Fusion of anti-war/palestine

M. Junaid Alam redjaguar at attbi.com
Sun Nov 10 10:05:24 MST 2002


Him:
>More importantly, I'm dealing with a lot of people who (presumably for
>tactical reasons) want to organize against the Iraq War as it were in
>isolation, without touching the question of  Palestine. When US attacks
>Iraq, it looks pretty certain that Israel will move to expel the remaining
>Palestinians from the West Bank. At that point I'm thinking it will become
>dishonest as well as self-defeating to evade the issue, and we'll need to
>confront it head-on even if it splits the coalition. WHat is your take
>given the importance you place on building the broadest possible movment?

Me:
Actually I think it might make sense to do Palestine work separately. If
some liberal Jews are willing to work against war with Iraq right now but
not make an issue of Palestine, it is better to be a little patient and
bring them along slowly in discussions over coffee.
---
I believe that the logic of the war will make fusion inevitable. At the
student anti-war conference after the march, some groups had already linked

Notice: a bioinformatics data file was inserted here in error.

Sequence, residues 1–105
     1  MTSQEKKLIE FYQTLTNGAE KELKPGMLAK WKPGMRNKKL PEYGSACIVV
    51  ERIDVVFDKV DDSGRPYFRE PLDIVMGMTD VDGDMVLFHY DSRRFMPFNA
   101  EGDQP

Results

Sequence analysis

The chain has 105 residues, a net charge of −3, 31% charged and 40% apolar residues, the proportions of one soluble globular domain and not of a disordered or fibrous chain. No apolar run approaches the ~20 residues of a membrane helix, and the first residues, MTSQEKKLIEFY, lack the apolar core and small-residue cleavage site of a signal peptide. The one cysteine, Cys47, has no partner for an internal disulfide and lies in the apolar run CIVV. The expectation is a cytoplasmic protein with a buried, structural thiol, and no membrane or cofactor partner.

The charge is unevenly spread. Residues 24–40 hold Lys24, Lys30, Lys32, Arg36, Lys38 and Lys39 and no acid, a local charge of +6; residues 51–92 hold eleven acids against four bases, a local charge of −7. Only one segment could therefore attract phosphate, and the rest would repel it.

anti-apartheid with anti-war, but this is probably not the majority of
groups. When a member of one such group got up to the mic. and denounced the
"Racist apartheid Israeli state" he received some nervous applause.

At any rate on my campus this kind of thing has been interesting because my
father was one of the first professors targeted by Campus-Watch.org and
teaches here. He spoke at one of our teach-ins on Iraq, and I just recently
drew up a resolution in the form of an editorial piece to the school
newspaper in defense of him which the anti-war group backed unanimously,
give or take a couple words which were too "polemical". At the same time I
had to remove the entire paragraph that directly related to the Palestinian
question because our group has not taken up the Palestinian question. If I
can manage to resurrect the Students for Justice in Palestine that surfaced
on campus last year this may change, but unfortunately the Arab/Islamic
political activism at this school is very weak, unlike some other Boston
schools.

Ultimately Iraq is the current focus of everything anti-war. It is a bit
like the rectangle-square game; pro-Palestinian activists need to do their
thing on their own regardless of what the broader anti-war gorup does, but
also must be active in the anti-war group, make their position clear, and
push it at the right moment.


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